Above is only the highlights, there are museums, shopping, beaches, hiking, watersports and so many more options. Plus, Vancouver is well known for impressive and creative gastronomic treats. Pulling it together, here are a few suggested itineraries.
One-day Vancouver itinerary options:
In the morning, walk to Canada Place and take the free shuttle up to Capilano Suspension Bridge. On the return shuttle, ask to be let off at Denman Street, just outside Stanley Park. Before entering the park, head to Kintaro Ramen (788 Denman Street) and enjoy the original ramen in Vancouver for lunch. Then rent bicycles along the street and head into the park.
If you are trying to do it all in a day, head over to Grandville Island before the Public Market closes, then off to Gastown for dinner. You will be exhausted, well-fed, and desperately wishing you had allocated more time to enjoy this fascinating city.
Two or three day Vancouver itinerary options:
Start your first day the same as above, but spend the entire afternoon enjoying the park. It will look something like this:
Day 1: Canada Place to Capilano Suspension Bridge to Kintaro Ramen to Stanley Park
Day 2: Take a private tour of Vancouver or enjoy the hop-on-hop-off bus self-guided tour. In the afternoon, relax at a cafe and soak in the natural beauty of Vancouver.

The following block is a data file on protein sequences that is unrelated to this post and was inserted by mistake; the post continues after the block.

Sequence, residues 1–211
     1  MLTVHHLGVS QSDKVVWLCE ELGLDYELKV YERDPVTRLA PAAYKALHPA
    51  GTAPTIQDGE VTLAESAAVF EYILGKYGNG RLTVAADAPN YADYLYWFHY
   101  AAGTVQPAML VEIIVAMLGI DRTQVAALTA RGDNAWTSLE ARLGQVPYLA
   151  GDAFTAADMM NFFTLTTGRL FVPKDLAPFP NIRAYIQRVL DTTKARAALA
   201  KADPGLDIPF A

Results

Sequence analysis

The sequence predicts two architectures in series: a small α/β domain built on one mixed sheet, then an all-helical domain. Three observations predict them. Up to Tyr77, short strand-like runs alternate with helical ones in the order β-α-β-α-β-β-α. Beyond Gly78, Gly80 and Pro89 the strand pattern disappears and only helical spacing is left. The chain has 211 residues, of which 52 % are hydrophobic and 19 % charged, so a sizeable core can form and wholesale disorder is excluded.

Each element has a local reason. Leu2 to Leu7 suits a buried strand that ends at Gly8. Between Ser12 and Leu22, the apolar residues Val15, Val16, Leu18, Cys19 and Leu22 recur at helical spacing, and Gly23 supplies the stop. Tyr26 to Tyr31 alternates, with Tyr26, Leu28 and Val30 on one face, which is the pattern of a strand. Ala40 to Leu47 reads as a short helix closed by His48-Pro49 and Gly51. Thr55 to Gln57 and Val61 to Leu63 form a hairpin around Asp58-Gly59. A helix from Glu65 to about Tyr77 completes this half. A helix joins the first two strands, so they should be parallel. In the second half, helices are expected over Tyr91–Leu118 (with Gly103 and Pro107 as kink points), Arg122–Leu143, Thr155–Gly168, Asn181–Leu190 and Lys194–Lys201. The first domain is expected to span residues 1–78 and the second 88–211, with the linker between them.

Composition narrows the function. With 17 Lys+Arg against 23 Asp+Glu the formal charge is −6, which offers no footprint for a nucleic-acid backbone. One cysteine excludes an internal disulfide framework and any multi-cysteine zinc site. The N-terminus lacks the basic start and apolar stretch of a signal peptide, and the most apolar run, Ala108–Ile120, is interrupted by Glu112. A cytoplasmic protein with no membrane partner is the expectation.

Day 3: Start your day with a floatplane tour followed by renting a car and driving up north, leaving plenty of time to enjoy the beaches.
Day 1: Canada Place to Capilano Suspension Bridge to Grouse Mountain
Day 2: Take a private tour of Vancouver, or enjoy the hop-on-hop-off bus self-guided tour. In the afternoon, cycle through Stanley Park. Or take this bicycle tour of the city that seems to do it all.
Day 3: Start your day at a waterfront cafe and then head to the Public Markets on Granville Island. Spend the afternoon shopping and be sure to include window shopping at the luxury locations on Alberni Street.
Where we stayed
We stayed at the Victorian Hotel, a boutique hotel in the original building from the late 1890s. The rooms were large and lovely, with Victorian decor that contrasted the modern bathroom. A good location for walking the city, it was also only a short walk from the dock (we arrived in Vancouver via cruise ship).
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Disclaimer: This page is written with guidance from Destination Vancouver.